When my little girl and I head to the farmers market, we leave the house with an empty market basket and open minds. Of course, she already has her list in her head — cheese bread from the local baker, honey sticks from Joli’s bees, and fresh sheep’s milk cheese with rosemary. It’s a great list for a six year old, really.
As for this bigger kid, I’ve finally learned not to make a list mental or otherwise. What ends up on the dinner table on Saturday night just … happens. Almost always, it’s one ingredient that catches my eye. One flavor that makes my imagination work, and the recipe comes to me in that moment.
One of the first farmers we visit at the market is a Thai family. Over the years, they have added new ingredients to our menus weekly; small green Thai eggplants, water spinach, fiery peppers, amaranth leaves, and some kind of greens that have no name in English and taste heavenly sautéed and paired with fish. Their table is a weekly source of inspiration for me, and this week is no exception, offering up lemongrass and cilantro.
Across the way is one of my regular stops, heirloom tomatoes in a rainbow of colors beckon next. The farmer knows me well due to my pumpkin addiction. Come fall, I’ll buy over 100 lbs. of his exotic squash. He nods at my kiddo and puts in an extra pint of heirloom cherry tomatoes just for her along with my four ears of corn and three pounds of heirloom tomatoes.
Two more stops, one for a head of red Russian garlic. I promise the farmer there that if he would just bring in the scapes in spring, I would buy these. For now, he’s been giving them away to restaurants, not realizing consumers would buy them. The last stop is the farmer on the end who only comes to market in August with fifty different varieties of peppers. I get a basket of the sweet ones that include chocolate-colored peppadews. He hands a curly, red sweet one to my kiddo and puts in a couple of extra hot pepper varieties for me.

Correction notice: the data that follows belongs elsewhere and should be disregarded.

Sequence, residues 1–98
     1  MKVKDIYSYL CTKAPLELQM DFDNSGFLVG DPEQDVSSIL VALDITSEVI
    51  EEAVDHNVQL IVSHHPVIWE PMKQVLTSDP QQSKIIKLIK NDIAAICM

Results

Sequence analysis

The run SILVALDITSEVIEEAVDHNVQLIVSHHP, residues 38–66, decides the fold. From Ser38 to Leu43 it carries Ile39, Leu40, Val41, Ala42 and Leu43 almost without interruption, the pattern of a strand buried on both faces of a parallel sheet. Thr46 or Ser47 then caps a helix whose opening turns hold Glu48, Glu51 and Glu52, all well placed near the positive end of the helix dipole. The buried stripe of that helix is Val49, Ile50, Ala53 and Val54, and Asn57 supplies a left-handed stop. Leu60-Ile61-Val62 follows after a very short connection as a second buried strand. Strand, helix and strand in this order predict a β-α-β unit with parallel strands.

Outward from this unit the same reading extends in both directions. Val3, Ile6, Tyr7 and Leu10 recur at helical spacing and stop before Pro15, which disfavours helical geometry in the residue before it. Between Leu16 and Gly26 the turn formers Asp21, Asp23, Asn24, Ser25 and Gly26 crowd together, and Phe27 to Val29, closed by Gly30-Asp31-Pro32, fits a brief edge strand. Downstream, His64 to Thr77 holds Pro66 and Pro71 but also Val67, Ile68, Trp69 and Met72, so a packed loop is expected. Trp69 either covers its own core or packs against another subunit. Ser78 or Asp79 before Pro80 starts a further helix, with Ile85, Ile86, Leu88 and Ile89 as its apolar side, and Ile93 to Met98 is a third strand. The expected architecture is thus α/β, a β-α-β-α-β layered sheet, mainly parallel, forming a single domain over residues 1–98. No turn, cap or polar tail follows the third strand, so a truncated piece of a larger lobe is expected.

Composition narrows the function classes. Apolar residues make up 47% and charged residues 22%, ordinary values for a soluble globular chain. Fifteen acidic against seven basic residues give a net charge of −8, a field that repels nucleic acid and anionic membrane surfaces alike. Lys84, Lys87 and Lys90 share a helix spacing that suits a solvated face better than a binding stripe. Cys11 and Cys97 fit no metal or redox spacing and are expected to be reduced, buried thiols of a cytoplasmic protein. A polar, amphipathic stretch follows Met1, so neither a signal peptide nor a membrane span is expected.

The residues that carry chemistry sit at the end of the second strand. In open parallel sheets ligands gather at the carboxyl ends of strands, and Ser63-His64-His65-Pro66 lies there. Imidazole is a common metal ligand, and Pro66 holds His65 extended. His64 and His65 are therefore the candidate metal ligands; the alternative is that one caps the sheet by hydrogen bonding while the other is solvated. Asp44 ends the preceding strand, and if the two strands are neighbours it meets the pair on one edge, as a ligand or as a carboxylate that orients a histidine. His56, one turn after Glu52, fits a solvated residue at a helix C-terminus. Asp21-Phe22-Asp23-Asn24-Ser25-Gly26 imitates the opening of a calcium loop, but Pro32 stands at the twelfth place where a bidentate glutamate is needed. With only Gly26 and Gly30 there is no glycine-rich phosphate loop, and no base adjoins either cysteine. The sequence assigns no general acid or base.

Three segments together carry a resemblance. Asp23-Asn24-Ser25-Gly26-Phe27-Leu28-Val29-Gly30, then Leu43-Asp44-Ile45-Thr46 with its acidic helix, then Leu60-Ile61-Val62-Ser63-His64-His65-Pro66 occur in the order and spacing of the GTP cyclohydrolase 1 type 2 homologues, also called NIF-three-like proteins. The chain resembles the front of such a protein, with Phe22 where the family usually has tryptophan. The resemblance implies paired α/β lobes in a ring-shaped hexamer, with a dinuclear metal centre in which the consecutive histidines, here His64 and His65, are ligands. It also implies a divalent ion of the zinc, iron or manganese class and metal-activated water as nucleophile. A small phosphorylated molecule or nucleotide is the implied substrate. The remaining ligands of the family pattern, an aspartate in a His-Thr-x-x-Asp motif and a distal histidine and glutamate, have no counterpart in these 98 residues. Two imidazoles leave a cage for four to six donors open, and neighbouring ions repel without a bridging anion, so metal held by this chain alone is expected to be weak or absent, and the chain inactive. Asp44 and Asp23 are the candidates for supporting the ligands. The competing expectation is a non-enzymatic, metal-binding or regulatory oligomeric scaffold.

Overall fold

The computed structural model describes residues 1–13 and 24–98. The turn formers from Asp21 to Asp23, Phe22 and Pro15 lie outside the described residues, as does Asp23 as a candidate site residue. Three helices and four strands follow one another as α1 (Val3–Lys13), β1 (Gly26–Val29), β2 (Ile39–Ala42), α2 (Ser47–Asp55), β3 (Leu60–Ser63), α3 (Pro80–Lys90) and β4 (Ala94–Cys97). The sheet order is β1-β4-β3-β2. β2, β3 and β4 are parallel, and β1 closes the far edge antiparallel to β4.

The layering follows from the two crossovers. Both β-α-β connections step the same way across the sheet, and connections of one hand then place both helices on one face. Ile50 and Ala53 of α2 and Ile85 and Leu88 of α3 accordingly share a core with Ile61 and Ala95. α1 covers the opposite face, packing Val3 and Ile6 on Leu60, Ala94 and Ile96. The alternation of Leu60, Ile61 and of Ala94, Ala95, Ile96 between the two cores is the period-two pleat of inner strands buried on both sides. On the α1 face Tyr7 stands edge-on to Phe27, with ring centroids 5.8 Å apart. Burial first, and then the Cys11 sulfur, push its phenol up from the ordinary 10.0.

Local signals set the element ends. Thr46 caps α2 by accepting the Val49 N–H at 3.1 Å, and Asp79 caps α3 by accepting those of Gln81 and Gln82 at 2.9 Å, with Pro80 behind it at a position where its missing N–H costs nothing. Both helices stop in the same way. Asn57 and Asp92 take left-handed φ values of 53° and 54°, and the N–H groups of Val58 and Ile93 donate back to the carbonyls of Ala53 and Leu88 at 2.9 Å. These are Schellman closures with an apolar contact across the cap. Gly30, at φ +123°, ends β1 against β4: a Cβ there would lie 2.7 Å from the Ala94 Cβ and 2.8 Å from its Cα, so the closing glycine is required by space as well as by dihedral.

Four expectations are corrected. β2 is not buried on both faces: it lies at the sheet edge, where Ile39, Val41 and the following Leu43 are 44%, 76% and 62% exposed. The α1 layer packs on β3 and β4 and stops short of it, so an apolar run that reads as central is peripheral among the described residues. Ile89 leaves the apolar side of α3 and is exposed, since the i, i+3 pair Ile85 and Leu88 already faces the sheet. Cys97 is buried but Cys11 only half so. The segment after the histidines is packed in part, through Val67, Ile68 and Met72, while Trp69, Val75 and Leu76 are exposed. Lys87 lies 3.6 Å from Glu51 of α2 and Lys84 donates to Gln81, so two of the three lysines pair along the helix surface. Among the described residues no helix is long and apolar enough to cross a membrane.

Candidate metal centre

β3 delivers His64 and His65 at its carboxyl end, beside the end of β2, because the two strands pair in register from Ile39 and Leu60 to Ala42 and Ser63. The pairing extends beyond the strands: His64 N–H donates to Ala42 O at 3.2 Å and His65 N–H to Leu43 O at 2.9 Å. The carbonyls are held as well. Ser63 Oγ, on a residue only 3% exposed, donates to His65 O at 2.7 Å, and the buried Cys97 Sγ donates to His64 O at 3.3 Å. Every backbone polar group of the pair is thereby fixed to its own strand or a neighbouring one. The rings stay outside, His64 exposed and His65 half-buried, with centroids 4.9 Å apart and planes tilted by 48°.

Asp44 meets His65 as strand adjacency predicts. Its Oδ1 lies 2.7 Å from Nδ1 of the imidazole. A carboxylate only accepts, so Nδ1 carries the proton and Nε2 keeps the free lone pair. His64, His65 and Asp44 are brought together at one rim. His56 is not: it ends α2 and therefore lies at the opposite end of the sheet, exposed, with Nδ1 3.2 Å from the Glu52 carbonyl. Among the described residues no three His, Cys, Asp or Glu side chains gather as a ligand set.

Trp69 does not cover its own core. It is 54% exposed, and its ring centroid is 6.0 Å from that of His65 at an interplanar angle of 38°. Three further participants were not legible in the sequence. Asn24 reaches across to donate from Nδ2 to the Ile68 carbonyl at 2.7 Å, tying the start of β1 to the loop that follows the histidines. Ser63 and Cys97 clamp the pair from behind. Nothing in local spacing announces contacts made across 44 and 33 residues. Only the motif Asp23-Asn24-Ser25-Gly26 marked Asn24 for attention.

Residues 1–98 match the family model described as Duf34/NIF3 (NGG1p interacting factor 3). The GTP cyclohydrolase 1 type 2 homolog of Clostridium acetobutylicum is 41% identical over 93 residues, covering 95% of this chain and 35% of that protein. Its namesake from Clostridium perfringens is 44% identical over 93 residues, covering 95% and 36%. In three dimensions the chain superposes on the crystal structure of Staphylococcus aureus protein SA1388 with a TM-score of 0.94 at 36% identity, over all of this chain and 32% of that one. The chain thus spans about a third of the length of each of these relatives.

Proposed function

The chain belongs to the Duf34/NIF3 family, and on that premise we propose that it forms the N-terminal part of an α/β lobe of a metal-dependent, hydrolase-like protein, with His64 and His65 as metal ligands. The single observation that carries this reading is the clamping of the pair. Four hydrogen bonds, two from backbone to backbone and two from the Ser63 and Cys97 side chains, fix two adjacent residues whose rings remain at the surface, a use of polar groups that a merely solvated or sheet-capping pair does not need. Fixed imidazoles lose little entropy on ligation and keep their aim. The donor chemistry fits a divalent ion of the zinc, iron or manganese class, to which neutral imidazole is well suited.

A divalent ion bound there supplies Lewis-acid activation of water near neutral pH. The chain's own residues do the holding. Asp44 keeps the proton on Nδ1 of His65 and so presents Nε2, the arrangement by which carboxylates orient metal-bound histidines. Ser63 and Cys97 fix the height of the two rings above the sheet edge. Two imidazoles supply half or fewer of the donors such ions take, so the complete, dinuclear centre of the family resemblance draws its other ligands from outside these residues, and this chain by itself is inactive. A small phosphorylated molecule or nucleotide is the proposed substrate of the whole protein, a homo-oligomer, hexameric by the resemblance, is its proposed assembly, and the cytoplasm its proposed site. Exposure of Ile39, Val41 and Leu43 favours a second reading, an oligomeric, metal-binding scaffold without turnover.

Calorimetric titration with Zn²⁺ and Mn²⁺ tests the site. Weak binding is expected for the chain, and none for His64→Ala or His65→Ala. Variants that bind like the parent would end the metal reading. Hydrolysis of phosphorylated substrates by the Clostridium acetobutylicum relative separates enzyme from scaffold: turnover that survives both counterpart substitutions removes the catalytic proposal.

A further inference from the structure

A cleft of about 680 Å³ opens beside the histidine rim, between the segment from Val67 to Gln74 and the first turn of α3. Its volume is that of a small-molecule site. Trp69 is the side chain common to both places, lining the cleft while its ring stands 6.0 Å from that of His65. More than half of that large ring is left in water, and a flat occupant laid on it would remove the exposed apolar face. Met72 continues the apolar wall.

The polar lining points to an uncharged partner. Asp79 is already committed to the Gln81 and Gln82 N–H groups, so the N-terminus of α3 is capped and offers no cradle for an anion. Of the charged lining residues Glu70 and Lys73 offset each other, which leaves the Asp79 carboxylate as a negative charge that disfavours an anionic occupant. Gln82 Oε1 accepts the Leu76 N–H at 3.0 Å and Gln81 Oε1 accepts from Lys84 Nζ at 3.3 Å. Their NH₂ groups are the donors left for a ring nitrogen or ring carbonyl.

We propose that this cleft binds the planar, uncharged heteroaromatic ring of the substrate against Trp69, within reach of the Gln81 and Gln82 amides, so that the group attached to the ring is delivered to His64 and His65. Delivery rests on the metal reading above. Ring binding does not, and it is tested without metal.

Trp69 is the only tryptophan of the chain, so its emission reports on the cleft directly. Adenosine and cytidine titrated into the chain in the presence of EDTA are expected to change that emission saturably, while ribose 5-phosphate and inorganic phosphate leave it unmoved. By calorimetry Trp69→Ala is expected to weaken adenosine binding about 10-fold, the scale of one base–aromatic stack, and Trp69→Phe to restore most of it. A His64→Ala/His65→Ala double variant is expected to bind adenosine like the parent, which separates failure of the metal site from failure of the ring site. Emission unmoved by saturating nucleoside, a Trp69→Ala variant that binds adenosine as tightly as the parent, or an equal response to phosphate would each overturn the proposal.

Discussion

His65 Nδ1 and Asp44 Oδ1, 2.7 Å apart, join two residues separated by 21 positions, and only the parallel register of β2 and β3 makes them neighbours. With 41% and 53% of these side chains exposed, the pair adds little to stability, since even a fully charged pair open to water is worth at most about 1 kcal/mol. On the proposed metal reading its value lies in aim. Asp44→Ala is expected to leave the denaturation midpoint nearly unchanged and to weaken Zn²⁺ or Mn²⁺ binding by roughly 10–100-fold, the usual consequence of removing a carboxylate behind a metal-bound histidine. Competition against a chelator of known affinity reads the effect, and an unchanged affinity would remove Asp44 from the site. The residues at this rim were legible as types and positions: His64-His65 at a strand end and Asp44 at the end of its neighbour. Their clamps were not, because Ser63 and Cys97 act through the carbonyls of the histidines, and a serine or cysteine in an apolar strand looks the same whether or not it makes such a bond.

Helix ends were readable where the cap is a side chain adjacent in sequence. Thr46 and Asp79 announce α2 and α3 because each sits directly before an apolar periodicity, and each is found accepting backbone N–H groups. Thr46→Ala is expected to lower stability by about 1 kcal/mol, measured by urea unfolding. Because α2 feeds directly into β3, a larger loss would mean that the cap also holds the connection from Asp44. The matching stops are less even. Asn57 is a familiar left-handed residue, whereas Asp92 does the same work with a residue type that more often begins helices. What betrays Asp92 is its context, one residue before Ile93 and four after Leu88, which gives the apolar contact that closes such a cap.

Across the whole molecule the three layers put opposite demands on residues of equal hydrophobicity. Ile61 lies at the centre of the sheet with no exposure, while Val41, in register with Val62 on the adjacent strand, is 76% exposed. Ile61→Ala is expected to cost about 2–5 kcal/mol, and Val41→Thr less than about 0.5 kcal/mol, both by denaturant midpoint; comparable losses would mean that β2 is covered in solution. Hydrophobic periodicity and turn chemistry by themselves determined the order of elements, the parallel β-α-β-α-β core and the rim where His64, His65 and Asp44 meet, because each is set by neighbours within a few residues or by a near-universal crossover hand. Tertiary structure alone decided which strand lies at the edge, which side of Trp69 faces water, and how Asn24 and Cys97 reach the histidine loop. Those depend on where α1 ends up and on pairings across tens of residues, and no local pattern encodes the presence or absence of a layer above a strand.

Along with the ingredients for my recipe, somehow my basket is overflowing with a tiny heirloom melon that smells heavenly, a larger watermelon, peaches, berries, and beans to shell later.
On the way home, the kid and I stop at the grocery store. We won’t even need a hand basket. We’re here for just limes, ginger root and fish sauce, and a pound of sustainable seafood — a few things that cannot be sourced locally. The final ingredients come from home; okra from a friend’s garden and three kinds of basil, lemon verbena and mint from my own.
As I serve dinner that evening, a tangy, tart and spicy Lemongrass and Tomato Fish Soup, I realize our meal is a reflection of all my Eat Local food values in single bowl:
1. Buy as much locally, in season as possible from small, family farms.
2. Grow what I can myself.
3. Cherish bounty from friends’ gardens.
4. Buy only ingredients that cannot be grown locally at the store, buy USA products first before sourcing from other countries.
5. Buy organic when possible.
6. Embrace the cultural diversity of the farms in my food shed.
7. Support farmers who grow heirloom and rare varieties.
8. Buy only sustainable seafood.
Smash a bit with a mortar and pestle:
2 cloves garlic
4 stalks lemongrass
½ bunch cilantro
1-inch piece of ginger, peeled and cut into three pieces
8 cups vegetable stock.
And simmer for 20 minutes. Strain off the solids and return liquid to the pot.
Mix in a small bowl:
1 tbs. fish sauce
1 tbs. soy sauce
1 tbs. sugar
3 tbs. white wine vinegar
Juice of three limes
1 lb. sustainable white fish, cut into four portions.
Add to the infused vegetable stock. Bring back to a boil, then lower heat to simmer. Simmer for 15 minutes until the seafood is cooked.
4 large tomatoes, peeled, cored and chopped into small wedges
Kernels from 4 ears of corn
4 okra sliced
Add to the soup, simmering for another 10 minutes. Place one piece of fish in each bowl, add soup and vegetables.
Leaves of basil, mint, cilantro, lemon verbena, sliced hot peppers, and wedges of lime. Serves four.